The Contra Costa Times reports that Karen Bass appointed a "member of the board of directors of Southern California's largest water wholesaler" last week before stepping down as Speaker.  The seven member board will be responsible for developing a Delta Management Plan by 2012.

Monday, March 8, 2010

Women and Climate

© 2010

Grist reports that the 19-member panel tasked with saving the Earth from our bad choices by looking for potential revenue sources to help mitigate climate change impacts in poor countries will include exactly zero women.

Do I really think that having an equal number of women on the board will have a positive impact on its success? I do.

In addition to that belief, the authors note that women bear a disproportionate burden of climate change impacts.

Take a couple of minutes and read the article. It's short, but provides some striking claims. Then, meet back here and let's talk about it!

Defining 'good'

© 2010 Joshua Stark

From Aristotle, on the definition of the good (it may surprise you):

"Every art and every inquiry, and similarly every action and pursuit, is thought to aim at some good; and for this reason the good has rightly been declared to be that at which all things aim. But a certain difference is found among ends; some are activities, others are products apart from the activities that produce them. Where there are ends apart from the actions, it is the nature of the products to be better than the activities. Now, as there are many actions, arts, and sciences, their ends also are many; the end of the medical art is health, that of shipbuilding a vessel, that of strategy victory, that of economics wealth. But where such arts fall under a single capacity- as bridle-making and the other arts concerned with the equipment of horses fall under the art of riding, and this and every military action under strategy, in the same way other arts fall under yet others- in all of these the ends of the master arts are to be preferred to all the subordinate ends; for it is for the sake of the former that the latter are pursued. It makes no difference whether the activities themselves are the ends of the actions, or something else apart from the activities, as in the case of the sciences just mentioned.

"If, then, there is some end of the things we do, which we desire for its own sake (everything else being desired for the sake of this), and if we do not choose everything for the sake of something else (for at that rate the process would go on to infinity, so that our desire would be empty and vain), clearly this must be the good and the chief good. Will not the knowledge of it, then, have a great influence on life? Shall we not, like archers who have a mark to aim at, be more likely to hit upon what is right? If so, we must try, in outline at least, to determine what it is, and of which of the sciences or capacities it is the object. It would seem to belong to the most authoritative art and that which is most truly the master art. And politics appears to be of this nature; for it is this that ordains which of the sciences should be studied in a state, and which each class of citizens should learn and up to what point they should learn them; and we see even the most highly esteemed of capacities to fall under this, e.g. strategy, economics, rhetoric; now, since politics uses the rest of the sciences, and since, again, it legislates as to what we are to do and what we are to abstain from, the end of this science must include those of the others, so that this end must be the good for man. For even if the end is the same for a single man and for a state, that of the state seems at all events something greater and more complete whether to attain or to preserve; though it is worth while to attain the end merely for one man, it is finer and more godlike to attain it for a nation or for city-states. These, then, are the ends at which our inquiry aims, since it is political science, in one sense of that term."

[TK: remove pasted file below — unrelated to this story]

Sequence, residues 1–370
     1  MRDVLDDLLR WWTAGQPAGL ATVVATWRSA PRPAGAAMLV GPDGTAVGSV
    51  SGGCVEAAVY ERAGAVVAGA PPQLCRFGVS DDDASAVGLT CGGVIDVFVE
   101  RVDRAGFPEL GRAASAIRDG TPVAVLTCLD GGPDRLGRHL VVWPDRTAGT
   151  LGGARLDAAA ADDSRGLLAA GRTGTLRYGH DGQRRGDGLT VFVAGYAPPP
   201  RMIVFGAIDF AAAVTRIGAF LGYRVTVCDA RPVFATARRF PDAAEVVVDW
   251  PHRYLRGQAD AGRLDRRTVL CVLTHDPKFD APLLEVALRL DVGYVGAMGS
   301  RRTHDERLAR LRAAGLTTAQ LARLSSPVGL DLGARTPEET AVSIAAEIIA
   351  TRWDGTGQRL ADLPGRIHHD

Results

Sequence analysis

-Aristotle, Nicomachean Ethics

The nature of our government (the fact that it is a huge democratic republic) can sometimes lead us to fatalism and despondency... as in, cries to the heavens, "How can I possibly live with these people?!?" But, it is sometimes necessary to remember just how and why our country is great: We are great because of our ideals and ideas, because of the freedoms and responsibilities we place on our own shoulders.

Then, when we go back and read the great ideas upon which our country was founded, we have to remember that our fatalism and pessimism has crushed and diminished words that once encapsulated these great ideas, words with real power and greater depth and nuance.


In our time, it spews from our lips like bad milk. To Aristotle, though, this identified the greatest good - the notion that here, as a society, as a community, we come together and understand and direct what we believe to be the most important ideas for ourselves and our fellows.